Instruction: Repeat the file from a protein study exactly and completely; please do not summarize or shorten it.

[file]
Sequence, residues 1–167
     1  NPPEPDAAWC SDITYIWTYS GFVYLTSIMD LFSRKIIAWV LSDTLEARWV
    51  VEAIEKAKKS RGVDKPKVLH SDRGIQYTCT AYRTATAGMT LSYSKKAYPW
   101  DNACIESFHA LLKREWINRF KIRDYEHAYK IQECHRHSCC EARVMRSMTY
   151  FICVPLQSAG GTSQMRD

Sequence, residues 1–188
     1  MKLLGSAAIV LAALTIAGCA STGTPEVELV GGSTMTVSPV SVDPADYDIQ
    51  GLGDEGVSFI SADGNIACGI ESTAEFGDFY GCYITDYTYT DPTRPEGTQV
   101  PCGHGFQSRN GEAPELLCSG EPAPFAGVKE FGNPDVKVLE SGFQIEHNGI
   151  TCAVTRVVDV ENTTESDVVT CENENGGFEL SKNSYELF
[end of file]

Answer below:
Sequence, residues 1–167
     1  NPPEPDAAWC SDITYIWTYS GFVYLTSIMD LFSRKIIAWV LSDTLEARWV
    51  VEAIEKAKKS RGVDKPKVLH SDRGIQYTCT AYRTATAGMT LSYSKKAYPW
   101  DNACIESFHA LLKREWINRF KIRDYEHAYK IQECHRHSCC EARVMRSMTY
   151  FICVPLQSAG GTSQMRD

Sequence, residues 1–188
     1  MKLLGSAAIV LAALTIAGCA STGTPEVELV GGSTMTVSPV SVDPADYDIQ
    51  GLGDEGVSFI SADGNIACGI ESTAEFGDFY GCYITDYTYT DPTRPEGTQV
   101  PCGHGFQSRN GEAPELLCSG EPAPFAGVKE FGNPDVKVLE SGFQIEHNGI
   151  TCAVTRVVDV ENTTESDVVT CENENGGFEL SKNSYELF